In 2007, a couple was driving from Houston to Linden, Texas, which is near the TX-LA border. The couple does this trip every year in springtime. This time, they decided to buy a car there, and they put some of their cash savings into the center console of the car.
They drove through the town Tenaha, TX, and they noticed that a police car was following. Near the town limits, the police officer pulled them over.
He asked the driver, Ron Henderson, if he knew he was driving in the left lane without doing any passing. He told the officer that he was in the left lane so that the officer could get on the highway.
The police officer asked if there were drugs in the car, and the officer asked to search the car.
The officers then found the cash and a glass pipe that the woman in the car, Jennifer Boatright, said was a gift. They were taken to the police station, and they saw tables that were piled with confiscated items, such as cell phones. jewelry, DVD players and more. The police said that the couple looked like drug couriers. They were coming from Houston, which is a known area for the distribution of illegal drugs. And they were driving to Linden, a place that is known to receive illegal drugs. He said that the children could be decoys.
The district attorney for the county came an hour later and said that they could either face felony charges for money laundering and child endangerment, or they could sign their cash over to the town. Their children would not be taken into custody and they could leave.
The couple could not believe that this could be happening in America. Actually cash-for-freedom is a typical deal in Tehaha and various versions of this tactic are being used across the US.
Boatright and Henderson were outraged and they helped to launch a class action lawsuit that challenges the abuse of a legal tactic known as civil asset forfeiture.
The concept of asset forfeiture or cash seizure makes sense in a way. It allows the police to confiscate property or cash that was gotten illegally. In many states, those assets can be seized by the police and allowed to go right into fighting crime. In Tulsa, police have a Cadillac Escalade that has the words on it, This Used to Be a Drug Dealer’s Car, Now It’s Ours!” Other county police departments have used confiscated drug cash to buy a surveillance drone and many other items used to fight crime.
Generally, you do not need to be found guilty to have any of your assets taken by police. In some states, suspicion is enough for the police to detain you and take your property. You also do not even need to be charged with a crime or be accused of a crime. Unlike in cases of criminal forfeiture, which mandates that the person must be convicted of a criminal offense before property is taken, civil forfeiture means that a lawsuit is essentially filed against your possessions, no matter if you are guilty or innocent.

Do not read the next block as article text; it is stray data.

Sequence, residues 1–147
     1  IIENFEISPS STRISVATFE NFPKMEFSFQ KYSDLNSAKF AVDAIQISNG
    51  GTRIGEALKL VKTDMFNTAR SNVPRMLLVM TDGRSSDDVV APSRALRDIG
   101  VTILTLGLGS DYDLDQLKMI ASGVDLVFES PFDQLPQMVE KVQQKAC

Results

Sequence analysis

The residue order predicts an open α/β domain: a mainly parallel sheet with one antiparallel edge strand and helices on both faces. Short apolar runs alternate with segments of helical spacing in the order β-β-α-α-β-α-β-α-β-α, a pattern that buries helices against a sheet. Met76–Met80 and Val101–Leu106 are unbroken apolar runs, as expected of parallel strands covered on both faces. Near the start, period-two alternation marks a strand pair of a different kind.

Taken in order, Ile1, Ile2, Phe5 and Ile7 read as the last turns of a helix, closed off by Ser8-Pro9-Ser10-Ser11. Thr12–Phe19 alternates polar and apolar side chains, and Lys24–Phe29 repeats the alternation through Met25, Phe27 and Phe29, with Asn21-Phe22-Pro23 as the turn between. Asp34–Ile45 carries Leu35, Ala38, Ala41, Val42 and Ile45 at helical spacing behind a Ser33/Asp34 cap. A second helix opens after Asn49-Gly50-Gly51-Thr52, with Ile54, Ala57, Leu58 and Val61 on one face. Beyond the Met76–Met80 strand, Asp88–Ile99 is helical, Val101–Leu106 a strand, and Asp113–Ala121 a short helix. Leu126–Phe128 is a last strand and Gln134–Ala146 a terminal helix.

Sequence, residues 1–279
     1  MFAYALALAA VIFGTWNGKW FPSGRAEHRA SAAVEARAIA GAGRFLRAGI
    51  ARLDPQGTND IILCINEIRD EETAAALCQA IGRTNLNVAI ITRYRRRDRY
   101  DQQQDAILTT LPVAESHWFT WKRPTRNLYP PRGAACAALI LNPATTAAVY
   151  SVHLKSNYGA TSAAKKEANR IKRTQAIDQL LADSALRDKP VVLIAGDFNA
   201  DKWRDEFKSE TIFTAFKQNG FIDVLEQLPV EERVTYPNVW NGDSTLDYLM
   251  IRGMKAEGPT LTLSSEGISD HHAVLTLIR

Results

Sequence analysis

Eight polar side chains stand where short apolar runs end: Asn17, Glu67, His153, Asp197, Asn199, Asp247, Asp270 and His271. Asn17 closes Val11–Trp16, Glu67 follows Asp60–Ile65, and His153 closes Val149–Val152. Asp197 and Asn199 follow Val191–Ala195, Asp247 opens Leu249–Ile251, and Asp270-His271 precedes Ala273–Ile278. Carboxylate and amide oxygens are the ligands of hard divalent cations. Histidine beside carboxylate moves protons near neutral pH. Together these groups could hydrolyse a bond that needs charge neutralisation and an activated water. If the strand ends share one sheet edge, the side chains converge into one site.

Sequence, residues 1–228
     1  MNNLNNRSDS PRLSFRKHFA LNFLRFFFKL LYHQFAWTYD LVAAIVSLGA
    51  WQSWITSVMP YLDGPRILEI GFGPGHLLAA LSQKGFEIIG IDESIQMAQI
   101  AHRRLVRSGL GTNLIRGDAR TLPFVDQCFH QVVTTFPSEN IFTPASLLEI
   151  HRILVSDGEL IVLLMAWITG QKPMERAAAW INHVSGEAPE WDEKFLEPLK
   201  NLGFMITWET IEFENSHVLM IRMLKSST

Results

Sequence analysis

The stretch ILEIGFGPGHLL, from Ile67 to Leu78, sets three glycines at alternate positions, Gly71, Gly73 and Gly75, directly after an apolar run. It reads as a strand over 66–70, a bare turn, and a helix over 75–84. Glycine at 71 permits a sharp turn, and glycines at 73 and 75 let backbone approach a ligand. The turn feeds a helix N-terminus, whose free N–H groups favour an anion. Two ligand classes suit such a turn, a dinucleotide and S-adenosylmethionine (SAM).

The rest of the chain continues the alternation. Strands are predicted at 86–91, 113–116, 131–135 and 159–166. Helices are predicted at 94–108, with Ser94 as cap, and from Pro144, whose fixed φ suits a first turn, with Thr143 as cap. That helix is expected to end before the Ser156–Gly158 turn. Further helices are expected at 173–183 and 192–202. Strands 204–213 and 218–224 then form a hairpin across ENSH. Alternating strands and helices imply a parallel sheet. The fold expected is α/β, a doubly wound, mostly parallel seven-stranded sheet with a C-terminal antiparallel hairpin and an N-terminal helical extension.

According to court case precedent, in these sorts of cases, many Constitutional protections are not valid. A piece of your property does not have the same rights that you do. The property does not have a right to a lawyer, and in most states, there is no presumption of being innocent. Owners who want to fight this will find that paying for a lawyer costs much more than the value of their assets. In Washington DC, you have to pay $2500 just to challenge a police seizure, and it can take years to resolve the matter.
In the case of Boatright and Henderson, they complained to the county as they tried to get their money back. The district attorney hit them with another surprise. They were warned that if they did not sign the waiver giving their property to the police department, and they continued to fight it, they could be actually indicted for a felony. Their custody of their children also was threatened. They decided to fight anyway.
They found a lawyer, after much effort, who takes these civil forfeiture cases, and he was very familiar with the operation in Tenaha. In a few weeks of working on a class action lawsuit, the lawyers got many calls from other victims of the Tenaha police. The suit was joined by several others. One of them was a black woman from Ohio who have $4500 taken from her, and a Hispanic man who had to give the police $2400. The suit accused the Tenaha mayor and other officials in the town of operating an illegal search and seizure operation, and not doing it for law enforcement purposes but to enrich the town.
In the end of the class action suit, the officials in Tenaha and Shelby County agreed to a settlement. They denied that they did anything wrong. Since this class action suit, which received national attention, legislators in Texas banned roadside waivers and have restricted the use of forfeiture funds in some ways. The funds cannot be used to buy frivolous items for police departments and cannot be used for police bonuses. However, the settlement and the law is not reducing the obstacles for the owners who want to get their property back. It also does not change the fact that many police department budgets depend upon the forfeiture revenues.
Boatright and Henderson to this day worry when they see a police car, and they always make sure they do not have substantial amounts of money with them in the car at any time.